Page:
However, an unexpected summons from the president to address the ongoing crisis in Israel and Gaza altered her plans, highlighting the constant demands of her role as the first woman, first Black person, and first person of South Asian descent to serve as vice president.
In an exclusive interview with PEOPLE, Harris shared insights into her daily routine, acknowledging the pressures and scrutiny that come with her historic position. Despite facing criticism and navigating negativity, she remains focused on the support she receives and emphasizes the importance of surrounding oneself with people who provide constructive feedback.
Harris, who is determined to take each day as it comes, recognizes the challenges of a hyperpolarized political landscape and strives to concentrate on those who encourage her ambition. Despite dips in her favorability rating, especially in comparison to her initial historic win with President Joe Biden, Harris continues to engage with various demographics, recently drawing over 10,000 Gen Z students on her “Fight for Our Freedoms College Tour.”
Leading the administration’s public stance on immigration, Harris faces dissent from multiple sides, showcasing the complexities of her role. However, experts note that the polarized political climate makes widespread popularity challenging for any administration. Harris’s unique impact as a trailblazer, particularly with her focus on women and girls, is felt both domestically and internationally.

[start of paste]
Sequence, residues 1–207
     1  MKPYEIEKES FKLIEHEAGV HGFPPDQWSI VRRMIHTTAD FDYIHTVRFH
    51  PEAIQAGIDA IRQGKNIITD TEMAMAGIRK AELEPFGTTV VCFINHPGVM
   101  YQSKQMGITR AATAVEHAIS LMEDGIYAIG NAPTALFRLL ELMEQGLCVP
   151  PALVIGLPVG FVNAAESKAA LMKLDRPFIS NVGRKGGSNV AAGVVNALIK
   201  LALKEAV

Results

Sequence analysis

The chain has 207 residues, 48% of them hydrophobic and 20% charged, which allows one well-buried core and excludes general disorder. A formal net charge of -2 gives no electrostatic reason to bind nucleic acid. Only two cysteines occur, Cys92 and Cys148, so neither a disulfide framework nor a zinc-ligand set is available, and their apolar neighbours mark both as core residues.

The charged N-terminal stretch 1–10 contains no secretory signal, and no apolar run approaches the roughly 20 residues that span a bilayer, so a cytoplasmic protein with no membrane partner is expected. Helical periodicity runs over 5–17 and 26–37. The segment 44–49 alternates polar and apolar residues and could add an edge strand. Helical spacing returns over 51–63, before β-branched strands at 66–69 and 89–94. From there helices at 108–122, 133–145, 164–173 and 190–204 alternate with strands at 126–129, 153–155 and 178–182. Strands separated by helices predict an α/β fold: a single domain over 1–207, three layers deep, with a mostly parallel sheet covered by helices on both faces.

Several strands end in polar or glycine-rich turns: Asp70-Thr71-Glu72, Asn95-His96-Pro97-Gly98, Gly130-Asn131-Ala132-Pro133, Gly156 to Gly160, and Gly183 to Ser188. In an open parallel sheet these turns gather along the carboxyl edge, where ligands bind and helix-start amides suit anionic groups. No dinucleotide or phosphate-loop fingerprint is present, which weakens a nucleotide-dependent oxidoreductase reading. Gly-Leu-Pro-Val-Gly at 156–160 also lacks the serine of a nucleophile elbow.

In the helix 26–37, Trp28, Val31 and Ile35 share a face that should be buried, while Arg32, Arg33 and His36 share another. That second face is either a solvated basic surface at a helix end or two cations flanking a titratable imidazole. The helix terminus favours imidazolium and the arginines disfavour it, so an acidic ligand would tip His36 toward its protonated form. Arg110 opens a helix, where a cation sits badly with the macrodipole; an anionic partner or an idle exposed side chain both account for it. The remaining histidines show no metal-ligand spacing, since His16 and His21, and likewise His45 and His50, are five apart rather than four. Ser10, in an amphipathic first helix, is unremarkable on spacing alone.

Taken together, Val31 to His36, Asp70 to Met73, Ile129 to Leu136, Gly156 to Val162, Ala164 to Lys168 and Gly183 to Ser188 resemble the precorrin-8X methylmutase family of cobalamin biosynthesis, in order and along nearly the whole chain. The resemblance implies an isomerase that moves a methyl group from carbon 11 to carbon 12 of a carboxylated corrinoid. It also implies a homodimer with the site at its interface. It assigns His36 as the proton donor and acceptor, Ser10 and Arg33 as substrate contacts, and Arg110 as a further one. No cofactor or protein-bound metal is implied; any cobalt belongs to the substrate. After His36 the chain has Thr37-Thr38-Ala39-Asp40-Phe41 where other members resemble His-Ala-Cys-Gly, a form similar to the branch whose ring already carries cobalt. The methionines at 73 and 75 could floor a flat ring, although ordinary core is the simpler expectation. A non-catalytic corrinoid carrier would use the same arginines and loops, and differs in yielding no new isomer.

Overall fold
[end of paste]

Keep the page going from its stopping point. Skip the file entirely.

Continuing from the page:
While the possibility of becoming the first Madam President looms, Harris remains committed to the present, concentrating on the 2024 reelection efforts alongside Biden. Her mantra of “eating no for breakfast” reflects her resilience and determination to break barriers. At home, Harris and her husband, Doug Emhoff, redefine the traditional roles of vice president and second gentleman, adding new chapters to the history books.
Emhoff, the first second gentleman and the first Jewish person among the “Big Four” in the White House, emphasizes the importance of approaching their moments together as a couple, not just as political figures. Harris, known as “Momala” to her stepchildren, cherishes family moments and finds joy in cooking for generations coming together.
“I just love that song,” she says. “I play it all the time. I think it’s one of the anthems for women . . . when [Beyoncé says] ‘you,’ you could be life, you could be a person, you could be a situation. You will not break my soul. I can endure.”